A technique that could potentially detect the presence of photosynthetic plants on an exoplanet was developed by an American team in 2014. They suggested using oxygen dimers (two O2 molecules bound together by intermolecular forces) as a signpost for life, as they only form at normal pressures in oxygen-rich atmospheres.
Many researchers are curious as to what we will find by studying terrestrial planets. "Exoplanet atmospheres may have a number of telltale signs that could indicate life, or conditions that may be suitable to sustain life, should it have arisen," Dr. Louisa Preston, an astrobiologist, and TED fellow, told IFLScience. "If, for example, we observe water as H2O, then one of the three key ingredients for life is present on that world. Should we see oxygen then we call that a biosignature. Oxygen on Earth is produced by life and is only seen in our atmosphere due to the actions of life.
Soon we might be able to see the atmosphere of planets thanks to the light of their stars. NASA Goddard
"Methane is also an exciting possibility. Even though it is produced on Earth through both biological and abiotic processes, it could still tell us a lot about the conditions for life on that world. Therefore finding methane and oxygen, and also ozone, in another planetary body atmosphere would be very exciting."
Technological waste products
Another technique in the works is the observation of unintentional signals from an alien race. The level of technological advancement (also known as the Kardashev scale) is thought to be proportional to the energy needs of a civilization. No matter how careful they might be, energy usage always produces wasted heat, and planned telescopes – such asColossus – aim to look at these energy signatures. In a similar way, we might be able to detect artificial illumination on an alien planet from their lights at night, akin to how Earth is lit up by artificial lights.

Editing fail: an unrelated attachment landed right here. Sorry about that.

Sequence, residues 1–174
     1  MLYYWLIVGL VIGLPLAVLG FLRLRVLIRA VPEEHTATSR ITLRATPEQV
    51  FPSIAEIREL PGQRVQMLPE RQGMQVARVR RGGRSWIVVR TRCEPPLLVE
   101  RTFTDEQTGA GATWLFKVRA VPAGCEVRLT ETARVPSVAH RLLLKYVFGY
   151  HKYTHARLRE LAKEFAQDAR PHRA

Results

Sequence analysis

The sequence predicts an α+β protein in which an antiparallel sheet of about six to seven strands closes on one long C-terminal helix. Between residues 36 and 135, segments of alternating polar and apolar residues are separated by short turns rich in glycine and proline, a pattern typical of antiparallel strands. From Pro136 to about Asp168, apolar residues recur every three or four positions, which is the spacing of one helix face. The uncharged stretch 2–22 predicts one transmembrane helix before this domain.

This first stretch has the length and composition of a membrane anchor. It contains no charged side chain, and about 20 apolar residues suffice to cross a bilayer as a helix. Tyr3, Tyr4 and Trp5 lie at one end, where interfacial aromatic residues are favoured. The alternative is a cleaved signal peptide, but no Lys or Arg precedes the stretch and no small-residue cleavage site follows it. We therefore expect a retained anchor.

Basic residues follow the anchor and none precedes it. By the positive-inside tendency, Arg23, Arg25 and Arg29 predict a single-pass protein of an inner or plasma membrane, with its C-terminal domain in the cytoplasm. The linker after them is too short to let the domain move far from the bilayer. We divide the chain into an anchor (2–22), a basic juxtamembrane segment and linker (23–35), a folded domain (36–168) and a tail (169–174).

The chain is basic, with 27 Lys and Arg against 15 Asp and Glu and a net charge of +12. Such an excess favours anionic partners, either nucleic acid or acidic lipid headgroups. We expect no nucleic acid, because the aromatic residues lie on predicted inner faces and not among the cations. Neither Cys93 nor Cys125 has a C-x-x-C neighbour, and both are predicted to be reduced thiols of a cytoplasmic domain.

Spectrographic analysis of planets’ atmospheres could also find industrial waste products. Carbon dioxide levels beyond what is naturally possible, or more complex byproducts of industrialization, would definitely raise some red flags and suggest the possible presence of an intelligent species.
"There is also one idea that we may one day detect the actions of alien civilizations in exoplanet atmospheres, such as an abundance of CFC’s [chlorofluorocarbon, the aerosol responsible for ozone depletion]," said Dr. Preston. "These do not occur naturally, they are manmade compounds, so finding these would be a huge discovery."
Artistic interpretation of the ESA gravitational wave detector LISA. NASA/JPL, via Wikimedia Commons.
Alien civilizations might be significantly more advanced than ourselves, and thus might be using technologies that we can’t detect yet. Suggested communication technologies include gamma rays, neutrinos, and gravitational waves.
Gamma rays allow the transmission of large data sets more quickly than traditional methods, and the technology to allow this is currently in development. Artificial neutrino emissions and gravitational anomalies could be detected in the next 10 years, but identifying the subtleties of the signal might be beyond our capability and we might not recognize them as definite proof of alien life. And of course, that's just speculation. If they do exist, who knows how they communicate.
Aliens and capitalism
While investigating for direct signals from possible alien civilizations, it is important to remember that they might not be emitting much. Through the use of satellite and cable communication, we have reduced the radio signals we send out into space because it's a waste of energy and money. Aliens might have done the same. We always consider extraterrestrials to be significantly different from us, but maybe we are more alike than we think; across the galaxy, we might all be waiting and listening but nobody is talking.